Monday, February 7, 2011

Real Exchange Rates Under Fixed and Floating Regimes

On Saturday, Paul Krugman posted on a favorite topic of mine (how did he know it was my birthday?) - the interaction between real and nominal exchange rates.  Krugman takes the fact that they are very highly correlated as evidence against the classical view that money is "neutral" (i.e., it does not affect real quantities):
If you have a classical view of the world, you would argue that nominal shocks should affect the nominal, not the real exchange rate: the real exchange rate is a real phenomenon, and money is a veil. Specifically, you’d expect any nominal shock to move the price level by the same amount that they move the exchange rate. 
Moreover, Krugman explains:
Now, a classical economist could (and some did) try to explain away this observation by arguing that what’s going on here is that there are real shocks, and that monetary policy was used to stabilize each country’s price level. But then you run into another problem, highlighted in a classic paper by Mike Mussa (haven’t found the original online, but he summarized the argument here (pdf)). Mussa pointed out that the behavior of both nominal and real exchange rates changed dramatically when the exchange rate regime changed, becoming vastly more volatile with the end of Bretton Woods....

You can, if you’re desperate, try to explain this away by saying that there was some fundamental structural change in the early 1970s, but at that point you’re deep into epicycle territory. And there’s more — for example, Ireland went abruptly from having a stable real exchange rate against the UK to having a stable rate against Germany when it joined the European exchange rate mechanism, etc..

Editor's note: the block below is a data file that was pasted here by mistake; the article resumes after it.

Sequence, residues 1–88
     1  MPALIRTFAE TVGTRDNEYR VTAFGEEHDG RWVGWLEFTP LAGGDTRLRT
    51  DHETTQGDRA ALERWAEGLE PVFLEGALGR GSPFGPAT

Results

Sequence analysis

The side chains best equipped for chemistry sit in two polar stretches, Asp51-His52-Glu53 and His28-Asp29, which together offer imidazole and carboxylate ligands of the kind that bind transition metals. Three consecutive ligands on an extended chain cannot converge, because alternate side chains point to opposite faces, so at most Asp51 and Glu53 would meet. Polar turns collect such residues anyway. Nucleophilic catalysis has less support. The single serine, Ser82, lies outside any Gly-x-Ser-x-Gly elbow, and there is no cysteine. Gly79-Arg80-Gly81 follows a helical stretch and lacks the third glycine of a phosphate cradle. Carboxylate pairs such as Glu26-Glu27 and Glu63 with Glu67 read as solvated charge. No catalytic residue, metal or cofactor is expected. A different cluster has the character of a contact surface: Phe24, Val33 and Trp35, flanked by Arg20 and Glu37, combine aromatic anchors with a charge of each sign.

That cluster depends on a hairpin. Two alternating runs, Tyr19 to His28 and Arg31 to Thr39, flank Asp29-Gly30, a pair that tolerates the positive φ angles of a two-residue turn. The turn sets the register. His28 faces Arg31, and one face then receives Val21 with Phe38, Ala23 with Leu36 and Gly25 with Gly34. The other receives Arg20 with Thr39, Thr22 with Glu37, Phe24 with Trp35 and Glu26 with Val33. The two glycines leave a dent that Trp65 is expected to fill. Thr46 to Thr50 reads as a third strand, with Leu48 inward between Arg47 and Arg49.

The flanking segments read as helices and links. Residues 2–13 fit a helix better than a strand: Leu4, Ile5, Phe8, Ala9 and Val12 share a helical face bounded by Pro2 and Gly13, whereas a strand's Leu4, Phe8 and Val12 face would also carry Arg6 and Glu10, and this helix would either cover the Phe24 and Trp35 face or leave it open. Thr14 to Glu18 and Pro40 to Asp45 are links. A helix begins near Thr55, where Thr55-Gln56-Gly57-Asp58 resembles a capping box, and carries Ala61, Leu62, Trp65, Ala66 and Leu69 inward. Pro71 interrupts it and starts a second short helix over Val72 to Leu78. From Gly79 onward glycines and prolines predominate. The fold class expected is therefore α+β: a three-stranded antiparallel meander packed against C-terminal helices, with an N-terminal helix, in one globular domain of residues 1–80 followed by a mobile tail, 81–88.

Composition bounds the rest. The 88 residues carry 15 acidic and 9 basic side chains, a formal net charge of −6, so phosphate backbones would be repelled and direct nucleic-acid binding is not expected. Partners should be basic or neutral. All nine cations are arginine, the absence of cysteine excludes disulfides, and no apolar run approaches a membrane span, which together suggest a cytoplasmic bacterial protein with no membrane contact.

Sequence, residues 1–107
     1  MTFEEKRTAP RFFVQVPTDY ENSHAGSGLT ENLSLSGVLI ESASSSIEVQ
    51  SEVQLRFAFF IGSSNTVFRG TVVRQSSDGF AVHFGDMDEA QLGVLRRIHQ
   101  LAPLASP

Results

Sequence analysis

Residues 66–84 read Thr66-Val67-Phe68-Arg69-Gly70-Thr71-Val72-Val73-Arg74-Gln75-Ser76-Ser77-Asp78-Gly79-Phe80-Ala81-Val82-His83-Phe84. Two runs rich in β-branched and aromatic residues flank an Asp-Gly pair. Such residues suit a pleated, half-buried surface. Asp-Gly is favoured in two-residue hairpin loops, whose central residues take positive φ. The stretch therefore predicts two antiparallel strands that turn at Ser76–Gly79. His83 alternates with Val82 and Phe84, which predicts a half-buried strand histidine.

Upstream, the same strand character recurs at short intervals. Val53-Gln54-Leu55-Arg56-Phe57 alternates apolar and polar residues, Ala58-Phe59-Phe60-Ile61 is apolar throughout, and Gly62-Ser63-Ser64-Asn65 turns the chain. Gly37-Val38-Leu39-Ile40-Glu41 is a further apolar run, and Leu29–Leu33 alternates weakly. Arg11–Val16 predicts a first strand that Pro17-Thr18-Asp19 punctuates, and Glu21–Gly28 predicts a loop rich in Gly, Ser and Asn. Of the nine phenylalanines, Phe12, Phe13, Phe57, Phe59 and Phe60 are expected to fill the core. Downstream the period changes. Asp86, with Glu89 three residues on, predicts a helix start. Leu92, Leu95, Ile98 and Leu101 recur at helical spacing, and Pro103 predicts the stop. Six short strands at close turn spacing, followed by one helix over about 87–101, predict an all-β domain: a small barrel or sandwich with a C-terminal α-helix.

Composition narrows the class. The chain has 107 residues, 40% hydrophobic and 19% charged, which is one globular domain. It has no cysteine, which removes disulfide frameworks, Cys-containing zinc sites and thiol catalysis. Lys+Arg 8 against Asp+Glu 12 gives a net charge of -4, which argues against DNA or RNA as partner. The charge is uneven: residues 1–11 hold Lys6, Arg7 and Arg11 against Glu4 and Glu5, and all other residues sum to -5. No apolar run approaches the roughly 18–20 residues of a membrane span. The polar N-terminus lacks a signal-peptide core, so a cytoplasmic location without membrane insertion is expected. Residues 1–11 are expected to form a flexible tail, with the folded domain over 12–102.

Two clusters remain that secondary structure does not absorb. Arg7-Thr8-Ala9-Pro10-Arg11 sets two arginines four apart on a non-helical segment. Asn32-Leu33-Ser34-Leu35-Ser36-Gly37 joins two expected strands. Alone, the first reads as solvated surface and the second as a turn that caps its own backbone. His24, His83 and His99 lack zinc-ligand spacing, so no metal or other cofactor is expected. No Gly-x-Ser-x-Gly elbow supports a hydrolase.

A paper of mine in the October 2010 issue of Economic Inquiry adds to the "and there's more" evidence.  It looks at the US-UK real exchange rate over 1794-2005, during which the nominal exchange rate switches from fixed to floating and back a number of times (5 floating periods and 4 fixed periods).  In this graph of the rolling average of the absolute monthly change, one can see that the real exchange rate is more volatile in floating (shaded) periods than in the adjacent fixed rate periods (the dashed lines denote the periods of government controls around the two world wars).
The biggest change in volatility is after Bretton Woods ends in 1971.  In earlier periods, the differences in real exchange rate behavior between fixed and floating regimes are not as stark, but they are there (there's more evidence in the paper).  That suggests that the classical assumption of money neutrality is invalid (in the short run), but it may have been less so in the 19th century than it is now.

Incidentally, I believe the Mussa paper Krugman is referring to is in the Carnegie-Rochester Conference Series in 1986 (vol. 25) (subscription required).

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